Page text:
While many believe that June 5, 1981 is the date of the first published report about the deadly disease which would later be called AIDS by the Centers for Disease Control and Prevention concerning five previously healthy gay men in Los Angeles who died from rare infections which were normally easily curable . The first actual published mention appeared in a New York City’s gay newspaper The New York Native three weeks earlier by Dr, Lawrence Mass.
Mass, who wrote a regular health column for the small weekly, had heard rumors of a new disease striking down gay men in New York City. Some were coming down with a rare kind of a skin cancer that had previously only affected the elderly living in Mediterranean, Eastern European, and Middle Eastern regions called Kaposi’s sarcoma. Others victims were stricken with a rare form of pneumonia which typically only appeared in people with severely suppressed immune systems such as cancer patients undergoing chemotherapy and transplant recipients. There were also a host of other odd diseases that gay men were coming down with, but so far nobody had figured out that there might be a single cause to link them all together.
After Mass was assured by the Centers for Disease Control in Atlanta that there was no evidence of an emerging “gay cancer,” Mass wrote an article titled, “Disease Rumors Largely Unfounded,” which began:
Last week there were rumors that an exotic new disease had hit the gay community in New York. Here are the facts. From the New York City Department of Health, Dr. Steve Phillips explained that the rumors are for the most part unfounded. Each year, approximately 12 to 24 cases of infection with a protozoa-like organism, pneumocystis carinii, are reported in the New York City area. The organism is not exotic; in fact, it’s ubiquitous. But most of us have a natural or easily acquired immunity.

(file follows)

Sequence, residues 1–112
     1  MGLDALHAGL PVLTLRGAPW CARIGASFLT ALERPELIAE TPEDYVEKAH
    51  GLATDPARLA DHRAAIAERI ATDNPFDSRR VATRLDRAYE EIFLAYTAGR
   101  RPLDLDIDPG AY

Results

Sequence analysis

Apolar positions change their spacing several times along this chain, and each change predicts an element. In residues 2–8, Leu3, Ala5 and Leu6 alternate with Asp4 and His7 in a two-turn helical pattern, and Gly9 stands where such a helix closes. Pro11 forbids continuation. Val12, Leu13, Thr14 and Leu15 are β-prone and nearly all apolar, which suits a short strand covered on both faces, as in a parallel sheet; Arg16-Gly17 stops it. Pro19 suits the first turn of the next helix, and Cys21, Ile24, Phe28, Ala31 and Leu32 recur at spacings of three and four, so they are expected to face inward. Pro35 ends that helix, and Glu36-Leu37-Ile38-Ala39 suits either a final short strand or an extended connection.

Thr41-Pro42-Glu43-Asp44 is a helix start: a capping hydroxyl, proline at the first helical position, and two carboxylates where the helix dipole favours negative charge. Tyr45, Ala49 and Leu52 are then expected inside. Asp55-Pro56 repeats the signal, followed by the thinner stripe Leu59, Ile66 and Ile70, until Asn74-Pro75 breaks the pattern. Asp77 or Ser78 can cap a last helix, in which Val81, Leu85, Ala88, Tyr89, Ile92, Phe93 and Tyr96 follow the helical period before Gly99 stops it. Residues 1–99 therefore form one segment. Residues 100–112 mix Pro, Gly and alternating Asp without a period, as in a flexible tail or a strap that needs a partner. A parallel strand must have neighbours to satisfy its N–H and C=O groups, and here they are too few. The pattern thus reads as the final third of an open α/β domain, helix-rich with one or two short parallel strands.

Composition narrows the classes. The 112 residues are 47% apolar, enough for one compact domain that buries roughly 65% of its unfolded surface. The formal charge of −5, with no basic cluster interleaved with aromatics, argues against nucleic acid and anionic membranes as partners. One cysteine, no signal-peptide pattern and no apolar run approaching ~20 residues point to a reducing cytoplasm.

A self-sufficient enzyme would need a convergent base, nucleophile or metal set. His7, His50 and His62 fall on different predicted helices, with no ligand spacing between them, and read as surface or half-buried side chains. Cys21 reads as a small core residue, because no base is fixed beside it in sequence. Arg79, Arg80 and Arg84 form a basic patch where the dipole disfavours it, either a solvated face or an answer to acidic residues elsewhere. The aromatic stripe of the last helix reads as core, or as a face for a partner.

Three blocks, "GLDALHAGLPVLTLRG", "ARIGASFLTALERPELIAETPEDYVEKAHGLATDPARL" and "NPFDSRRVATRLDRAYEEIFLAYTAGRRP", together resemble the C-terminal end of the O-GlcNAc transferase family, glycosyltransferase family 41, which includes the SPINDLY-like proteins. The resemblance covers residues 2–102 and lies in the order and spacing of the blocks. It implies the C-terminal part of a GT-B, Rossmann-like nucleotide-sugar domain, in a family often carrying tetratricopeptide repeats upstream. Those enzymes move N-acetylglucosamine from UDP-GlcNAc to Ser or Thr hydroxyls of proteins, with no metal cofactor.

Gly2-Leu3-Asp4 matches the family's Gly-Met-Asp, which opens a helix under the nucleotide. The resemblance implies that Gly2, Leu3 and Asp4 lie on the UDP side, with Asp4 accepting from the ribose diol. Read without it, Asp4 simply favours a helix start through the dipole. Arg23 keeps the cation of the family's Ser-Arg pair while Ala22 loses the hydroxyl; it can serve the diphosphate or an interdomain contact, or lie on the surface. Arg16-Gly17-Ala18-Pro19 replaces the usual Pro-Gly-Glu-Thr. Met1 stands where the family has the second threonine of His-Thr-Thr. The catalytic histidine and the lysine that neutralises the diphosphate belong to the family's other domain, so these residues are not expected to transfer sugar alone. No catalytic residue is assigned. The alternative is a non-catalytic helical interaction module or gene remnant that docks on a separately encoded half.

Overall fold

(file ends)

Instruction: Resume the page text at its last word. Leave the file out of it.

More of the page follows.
“What’s unusual about the cases reported this year, is that eleven of them were not obviously compromised hosts. The possibility there exists that a new, more virulent strain of the organism may have been ‘community acquired.’” But Mass reported that there was not enough evidence (yet) to make a clear connection between the new disease and the gay community
But the CDC was wrong and it wouldn’t be long before that link was made.
Mass followed up on his original article in July 1981 with, “Cancer in the Gay Community,” on the then-new HIV/AIDS epidemic. Chroniclers of the AIDS crisis now recognize Dr. Mass as being the first to write about the emerging epidemic in print. Dr. Mass went on the help found the Gay Men’s Health Crisis, and was the principle author of the organization’s Medical Answers About AIDS through four revisions spanning ten years.
Dr. Lawrence Mass still works as a physician in New York City, where he resides with his life partner, writer and activist Arnie Kantrowitz.